Graphical Notation Graphical language can be both simple and powerful in conveying information. Because of its pictorial nature, it can show boundaries, activities, data types, relationships and the number of elements within the boundaries.


Simplicity An important factor of the methodology should be that it includes an effective communication bridge between the developer and clients. A graphical notation, with simple, uncluttered diagrams can provide this.

Criticism of User’s List by the Systems Analyst
Such general lists are of value when assessing various development methodologies, but they must be treated with great caution. The systems analyst would level the following criticisms at the client’s list:

Decomposition and the study of a small number of elements in detail is a scientific reductionist approach, rather than the holistic approach recommended by systems thinkers. Definition of boundaries seems a good idea in principle but boundary definition is rarely a simple activity and we must avoid excluding potentially important items from a system in our desire to draw a boundary. Many current methodologies make great claims to replace all text in the system specification by a “simple graphical notation”, but there are a number of important elements that cannot be shown by graphical notation, e.g. the human and behaviourist problems in the system. Discussion of notation, ease of modification and understanding are really about communication, not analysis, and obscure the search for analysis methodologies.





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Systems Development and Project Management

Qualities of a Structured Specification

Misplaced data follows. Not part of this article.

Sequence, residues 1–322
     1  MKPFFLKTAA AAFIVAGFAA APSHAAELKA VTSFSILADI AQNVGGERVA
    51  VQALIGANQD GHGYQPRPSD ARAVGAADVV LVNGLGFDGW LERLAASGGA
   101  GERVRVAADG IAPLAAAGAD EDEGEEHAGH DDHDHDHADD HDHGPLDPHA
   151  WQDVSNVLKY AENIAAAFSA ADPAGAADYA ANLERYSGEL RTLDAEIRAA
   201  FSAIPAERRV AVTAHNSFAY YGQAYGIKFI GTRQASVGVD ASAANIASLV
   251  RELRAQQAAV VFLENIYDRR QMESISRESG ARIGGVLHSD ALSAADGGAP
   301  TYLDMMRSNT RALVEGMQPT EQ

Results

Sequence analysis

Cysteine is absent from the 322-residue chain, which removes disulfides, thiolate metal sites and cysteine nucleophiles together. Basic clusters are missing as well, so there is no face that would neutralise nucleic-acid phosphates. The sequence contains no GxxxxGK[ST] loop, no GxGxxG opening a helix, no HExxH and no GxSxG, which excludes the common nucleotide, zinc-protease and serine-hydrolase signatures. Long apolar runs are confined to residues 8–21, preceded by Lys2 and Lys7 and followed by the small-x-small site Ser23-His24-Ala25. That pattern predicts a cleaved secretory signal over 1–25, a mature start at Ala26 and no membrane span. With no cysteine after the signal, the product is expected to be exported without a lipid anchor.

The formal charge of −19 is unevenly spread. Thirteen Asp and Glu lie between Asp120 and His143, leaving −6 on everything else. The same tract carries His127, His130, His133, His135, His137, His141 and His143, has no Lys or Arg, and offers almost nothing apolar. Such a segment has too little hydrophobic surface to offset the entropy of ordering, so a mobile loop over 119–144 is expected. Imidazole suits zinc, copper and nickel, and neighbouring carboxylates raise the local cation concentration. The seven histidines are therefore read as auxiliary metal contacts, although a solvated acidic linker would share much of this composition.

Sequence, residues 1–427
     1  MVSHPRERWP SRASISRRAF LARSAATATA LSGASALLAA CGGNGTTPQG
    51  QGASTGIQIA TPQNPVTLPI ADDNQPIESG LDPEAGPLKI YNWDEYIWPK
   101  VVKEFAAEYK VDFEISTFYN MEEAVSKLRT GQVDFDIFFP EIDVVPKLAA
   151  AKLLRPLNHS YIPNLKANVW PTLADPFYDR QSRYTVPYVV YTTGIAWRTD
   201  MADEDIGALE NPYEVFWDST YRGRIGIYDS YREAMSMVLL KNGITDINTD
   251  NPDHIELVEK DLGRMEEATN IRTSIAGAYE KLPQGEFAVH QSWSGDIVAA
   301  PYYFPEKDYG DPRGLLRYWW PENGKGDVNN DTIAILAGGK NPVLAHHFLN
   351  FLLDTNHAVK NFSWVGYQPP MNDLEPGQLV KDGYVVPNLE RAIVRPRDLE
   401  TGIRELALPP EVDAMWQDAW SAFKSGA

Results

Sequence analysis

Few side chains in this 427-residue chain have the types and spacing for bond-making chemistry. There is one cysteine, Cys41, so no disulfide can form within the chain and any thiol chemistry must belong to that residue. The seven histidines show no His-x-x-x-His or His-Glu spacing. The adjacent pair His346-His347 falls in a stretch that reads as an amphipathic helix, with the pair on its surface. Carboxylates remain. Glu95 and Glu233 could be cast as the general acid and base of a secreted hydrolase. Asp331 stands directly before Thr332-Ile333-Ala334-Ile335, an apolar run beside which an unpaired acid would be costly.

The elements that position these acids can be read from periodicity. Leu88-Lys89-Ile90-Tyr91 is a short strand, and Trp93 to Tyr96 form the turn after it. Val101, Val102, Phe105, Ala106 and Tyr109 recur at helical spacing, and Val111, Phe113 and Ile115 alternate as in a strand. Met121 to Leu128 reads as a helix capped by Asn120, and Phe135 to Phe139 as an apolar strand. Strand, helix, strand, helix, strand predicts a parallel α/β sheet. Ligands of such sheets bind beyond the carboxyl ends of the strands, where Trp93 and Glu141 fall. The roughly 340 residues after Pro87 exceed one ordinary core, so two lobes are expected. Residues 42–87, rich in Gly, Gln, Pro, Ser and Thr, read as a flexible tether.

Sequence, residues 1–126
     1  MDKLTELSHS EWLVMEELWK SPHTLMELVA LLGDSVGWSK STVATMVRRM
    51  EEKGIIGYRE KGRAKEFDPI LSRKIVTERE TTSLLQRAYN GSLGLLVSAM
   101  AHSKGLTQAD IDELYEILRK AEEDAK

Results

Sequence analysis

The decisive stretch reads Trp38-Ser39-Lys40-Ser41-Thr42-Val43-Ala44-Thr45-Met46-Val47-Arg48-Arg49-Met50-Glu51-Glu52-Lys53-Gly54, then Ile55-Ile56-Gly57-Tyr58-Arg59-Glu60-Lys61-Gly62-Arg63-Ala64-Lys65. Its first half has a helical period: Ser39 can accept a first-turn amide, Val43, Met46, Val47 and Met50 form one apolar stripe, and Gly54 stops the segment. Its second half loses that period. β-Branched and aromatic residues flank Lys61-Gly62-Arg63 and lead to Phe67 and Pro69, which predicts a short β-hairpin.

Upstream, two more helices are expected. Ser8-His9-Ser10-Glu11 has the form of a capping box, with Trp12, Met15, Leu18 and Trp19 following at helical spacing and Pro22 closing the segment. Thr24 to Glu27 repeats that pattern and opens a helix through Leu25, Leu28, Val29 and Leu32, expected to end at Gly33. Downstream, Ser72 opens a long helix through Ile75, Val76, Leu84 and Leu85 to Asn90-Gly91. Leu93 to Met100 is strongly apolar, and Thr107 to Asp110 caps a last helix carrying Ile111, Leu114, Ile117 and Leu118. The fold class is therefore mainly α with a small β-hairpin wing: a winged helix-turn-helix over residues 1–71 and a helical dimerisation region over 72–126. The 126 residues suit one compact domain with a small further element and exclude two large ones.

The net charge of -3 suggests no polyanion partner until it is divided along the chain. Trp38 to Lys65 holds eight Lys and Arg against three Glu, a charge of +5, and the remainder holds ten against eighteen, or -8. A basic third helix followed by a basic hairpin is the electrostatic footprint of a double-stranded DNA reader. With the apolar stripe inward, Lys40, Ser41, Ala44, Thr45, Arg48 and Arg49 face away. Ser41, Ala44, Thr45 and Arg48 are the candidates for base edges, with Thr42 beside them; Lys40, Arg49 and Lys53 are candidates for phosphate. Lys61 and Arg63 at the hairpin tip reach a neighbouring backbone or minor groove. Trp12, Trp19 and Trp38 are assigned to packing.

These can be summarised as follows: (a) Graphic and Concise The structured specification contains pictures of the system, rather than large amounts of textual description. Users are more likely to look at pictures than read a lot of text. Also, designers are more likely to read it and understand it rather than ignore it and start again. (b) Top-Down Partitioned The system is broken into pieces that are as independent as possible, the user can then review the system in small, digestible segments. The partitioning is done in a top-down fashion to show broad, general views of the system, followed by narrow, detailed views of a “local” area. (c) Maintainable The specification document is highly maintainable. Because of the graphic, partitioned, structured nature of the specification, modifications can be made quickly and easily (structured programming). (d) Non-Redundant In the structure specification, a piece of information is recorded once and once only. This non-redundant aspect ensures consistency and easy updating. The user does not get bogged down in repetitious detail. The designer can readily identify system components and then translate these into areas to be designed. (e) Easy to Change As diagrams go through many revisions during the analysis phase, it is important that they are not difficult to redraw. If they are simple combinations of lines and boxes with very few words, they will meet this objective. (f) Numbering System Closely related to this characteristic of ease of change is the system of numbering the different diagrams – as well as the different generations of each diagram. (g) Defined Procedure of Use The methodology should have a debugged, “prescribed” method of use – including suggestions on how to decompose systems. The various types of user (analysts, designers, clients, programmers, managers, etc.) should all have the same understanding of the use, to the level of detail that their job requires. (h) Leads into Design Method There should be a natural way to move from the structure for displaying requirements to the design structure for the new system.